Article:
It’s pretty clear that the broader tech industry is abandoning the metaverse, the immersive 3D world that was endorsed by Facebook CEO Mark Zuckerberg in October 2021. Zuckerberg once boasted that the metaverse was going to be the successor to the mobile internet.
Zuckerberg’s decision to bet big on the metaverse set off a firestorm within the tech industry with many companies following Meta’s lead and pledging to spend millions on researching and building products devoted to the metaverse. Meta alone said it would spend at least $10 billion annually on its metaverse development. And consulting firm McKinsey estimated that the metaverse could generate as much as $4 trillion to $5 trillion in value by 2030.
But fast-forward to 2023 and now we have tech companies back-tracking on the metaverse just as quickly as they endorsed it two years ago. Meta last month announced that it was cutting 10,000 jobs, or 13% of its workforce. This comes after the company slashed 11,000 jobs in November. And many of those jobs reportedly are being cut in the company’s metaverse development area. Meanwhile, Zuckerberg rarely mentions the metaverse and has pivoted much of the company’s focus to generative artificial intelligence. In addition, the Wall Street Journal reported last month that Disney was eliminating its metaverse team as part of broader layoffs at the company.
5G and the metaverse
When Silicon Valley embraced the metaverse, wireless companies understandably saw a huge opportunity to tie 5G to this immersive new world. The industry had already been positioning extended reality (XR) as a key application for 5G, because 5G’s low latency and high-capacity pipes made it a perfect fit for XR use cases. The metaverse just made this scenario even stronger because metaverse applications fit perfectly with the wireless industry’s vision of moving big workloads around using the edge, distributed computing and the cloud.
At Mobile World Congress in Barcelona in late February, nearly every booth on the show floor had a reference to the metaverse. And wireless operators are still touting the metaverse as a perfect tie-in for 5G. In a recent T-Mobile “Sidekicks Conversation” between CEO Mike Sievert and board member (and former Sprint CEO) Marcelo Claure, both executives talked about how the metaverse will be revolutionary for 5G. “The metaverse will require massive connectivity,” Sievert said. “We have a great opportunity with all the changes that are coming,” Claure added. “There will be no revolution without amazing connectivity.”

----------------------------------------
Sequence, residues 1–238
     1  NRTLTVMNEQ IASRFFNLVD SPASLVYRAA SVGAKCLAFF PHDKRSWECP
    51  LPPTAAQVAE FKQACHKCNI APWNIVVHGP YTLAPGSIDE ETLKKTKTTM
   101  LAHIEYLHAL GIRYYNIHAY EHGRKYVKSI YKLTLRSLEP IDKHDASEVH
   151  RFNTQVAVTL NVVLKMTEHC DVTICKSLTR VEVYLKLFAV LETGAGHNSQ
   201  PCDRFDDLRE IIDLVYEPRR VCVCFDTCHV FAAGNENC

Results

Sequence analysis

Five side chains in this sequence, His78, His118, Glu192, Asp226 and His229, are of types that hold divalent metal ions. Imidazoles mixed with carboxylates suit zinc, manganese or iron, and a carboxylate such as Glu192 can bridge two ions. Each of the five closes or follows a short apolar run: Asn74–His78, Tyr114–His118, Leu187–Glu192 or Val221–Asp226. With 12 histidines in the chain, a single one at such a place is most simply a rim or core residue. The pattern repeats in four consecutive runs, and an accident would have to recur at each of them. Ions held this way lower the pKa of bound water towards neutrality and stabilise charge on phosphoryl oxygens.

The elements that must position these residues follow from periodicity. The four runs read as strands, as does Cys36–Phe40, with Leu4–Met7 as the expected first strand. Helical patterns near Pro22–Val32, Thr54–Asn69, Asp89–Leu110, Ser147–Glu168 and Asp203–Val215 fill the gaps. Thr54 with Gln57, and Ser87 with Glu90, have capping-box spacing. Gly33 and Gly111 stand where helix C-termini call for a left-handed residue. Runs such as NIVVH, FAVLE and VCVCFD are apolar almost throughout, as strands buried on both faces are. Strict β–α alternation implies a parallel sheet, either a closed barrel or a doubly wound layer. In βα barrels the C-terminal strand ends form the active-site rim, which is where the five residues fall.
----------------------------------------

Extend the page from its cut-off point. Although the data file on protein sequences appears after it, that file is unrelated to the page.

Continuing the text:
And while there’s no doubt that connectivity will be key to many future innovations (Claure also mentioned AI and blockchain), perhaps the wireless industry shouldn’t lump all those technologies together and call it the metaverse.
Nokia’s Chief Strategy and Technology Officer Nishant Batra believes that the wireless industry should start thinking differently about the metaverse. Batra said that much of the tech industry’s metaverse applications focused on the consumer. For example, Disney’s metaverse unit was looking at how Disney could use its existing intellectual property for storytelling. And one of Meta’s early metaverse products was a virtual reality headset, the Meta Quest Pro.
Instead, Nokia believes the most promise today resides on the industrial side. “There is some narrowing of the market because of the macro-economic environment,” Batra said. But he noted that many companies are still investing in technologies for the industrial metaverse like digital twins, which creates a virtual model that accurately reflects a physical object.
Batra added that he believes the sweet spot for wireless companies is on industrial metaverse applications that will improve productivity, safety and efficiency. “We see real gains happening in the industrial metaverse,” he said.
It’s too soon to say where all these promising new technologies like XR, digital twins, or AI will lead us in the future. And whether this new world will end up being the metaverse, or not, is unclear. In the meantime, the wireless industry may want to reconsider its use of metaverse, particularly as Silicon Valley is rapidly abandoning the term.
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